Grapefruit and grapefruit juice can interfere with many types of drugs, leading some to believe the citrus fruit can actually be bad for your health.
Grapefruit contains enzymes that, when combined with certain medications, can cause overdoses or underdoses-- less of the drug you need.
A Washington woman nearly lost her leg from a blood clot after the grapefruit she ate interfered with her birth control pills.
Pharmacist Candice Carino explains that grapefruit interacts with several types of widely prescribed drugs.
"The main ones are called statins. Cymbastatin is one [and] a lot of people know Zocor. Lobastatin is another one," she said. "[Also] some other heart medications or blood pressure medications. Valium or Diazipam is another one, which can be used for anxiety or muscle spasms."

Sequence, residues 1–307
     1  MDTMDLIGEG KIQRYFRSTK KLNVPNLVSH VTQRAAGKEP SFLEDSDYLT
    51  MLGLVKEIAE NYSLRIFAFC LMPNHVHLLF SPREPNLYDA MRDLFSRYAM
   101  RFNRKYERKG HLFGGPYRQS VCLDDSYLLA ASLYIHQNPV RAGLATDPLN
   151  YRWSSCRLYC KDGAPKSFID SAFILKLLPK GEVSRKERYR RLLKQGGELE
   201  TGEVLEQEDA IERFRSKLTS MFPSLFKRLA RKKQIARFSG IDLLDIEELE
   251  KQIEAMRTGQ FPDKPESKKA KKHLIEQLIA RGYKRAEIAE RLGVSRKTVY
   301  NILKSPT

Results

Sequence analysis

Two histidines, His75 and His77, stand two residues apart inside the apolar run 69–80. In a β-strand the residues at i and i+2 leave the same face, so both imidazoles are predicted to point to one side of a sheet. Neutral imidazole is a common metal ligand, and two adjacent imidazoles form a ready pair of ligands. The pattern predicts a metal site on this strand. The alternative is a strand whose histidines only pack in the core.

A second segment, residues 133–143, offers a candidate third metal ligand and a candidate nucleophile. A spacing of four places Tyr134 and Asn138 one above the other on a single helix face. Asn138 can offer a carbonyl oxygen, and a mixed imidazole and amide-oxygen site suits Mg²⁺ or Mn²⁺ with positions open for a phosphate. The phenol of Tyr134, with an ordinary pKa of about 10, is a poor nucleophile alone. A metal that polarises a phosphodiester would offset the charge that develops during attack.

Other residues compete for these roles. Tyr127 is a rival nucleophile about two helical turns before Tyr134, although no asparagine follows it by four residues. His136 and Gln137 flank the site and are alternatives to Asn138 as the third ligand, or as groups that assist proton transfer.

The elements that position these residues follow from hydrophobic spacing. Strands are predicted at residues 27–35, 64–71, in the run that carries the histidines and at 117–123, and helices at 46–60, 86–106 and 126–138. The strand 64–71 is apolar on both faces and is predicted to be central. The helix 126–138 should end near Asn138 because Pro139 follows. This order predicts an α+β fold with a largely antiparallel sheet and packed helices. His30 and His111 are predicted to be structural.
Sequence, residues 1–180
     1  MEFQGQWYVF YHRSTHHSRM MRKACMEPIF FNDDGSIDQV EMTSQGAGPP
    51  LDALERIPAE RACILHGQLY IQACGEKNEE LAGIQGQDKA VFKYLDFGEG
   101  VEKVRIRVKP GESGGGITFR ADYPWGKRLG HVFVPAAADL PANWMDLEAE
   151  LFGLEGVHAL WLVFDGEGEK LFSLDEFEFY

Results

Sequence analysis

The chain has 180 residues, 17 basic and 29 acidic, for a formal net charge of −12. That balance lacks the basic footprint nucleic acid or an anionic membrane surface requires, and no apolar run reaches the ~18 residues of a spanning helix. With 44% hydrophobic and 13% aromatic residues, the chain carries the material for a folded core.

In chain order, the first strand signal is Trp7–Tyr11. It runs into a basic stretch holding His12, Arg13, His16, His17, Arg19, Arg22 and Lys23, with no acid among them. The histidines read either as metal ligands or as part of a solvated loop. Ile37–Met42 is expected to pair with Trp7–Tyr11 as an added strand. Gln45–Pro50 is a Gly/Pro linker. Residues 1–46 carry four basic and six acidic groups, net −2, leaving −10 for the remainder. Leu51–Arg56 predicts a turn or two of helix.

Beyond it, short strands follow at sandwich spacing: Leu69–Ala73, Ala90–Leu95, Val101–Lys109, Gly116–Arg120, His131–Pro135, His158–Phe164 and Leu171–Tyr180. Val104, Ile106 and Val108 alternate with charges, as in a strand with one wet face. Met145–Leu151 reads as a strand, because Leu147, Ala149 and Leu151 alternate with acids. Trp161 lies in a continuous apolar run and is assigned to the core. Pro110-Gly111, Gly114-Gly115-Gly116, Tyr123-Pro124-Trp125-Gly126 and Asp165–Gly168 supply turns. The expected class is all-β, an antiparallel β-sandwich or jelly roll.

Grapefruit also interacts with some allergy pills. Check to see if grapefruit consumption is among the warnings that come with your drug.
If you're unsure whether your medication mixes with grapefruit, talk to your pharmacist or doctor, because even small amounts can cause big trouble if combined with the wrong drug.
"Even the slightest amount of grapefruit, the actual fruit or the juice itself [and] any other variations of grapefruit like pink grapefruit, can actually affect absorption of your medications and can interact with that."
Fortunately, not all citrus fruits interact with drugs. Lemons, oranges and limes are okay. But use caution when consuming grapefruit while also taking certain medications.
*Originally aired May 6, 2009.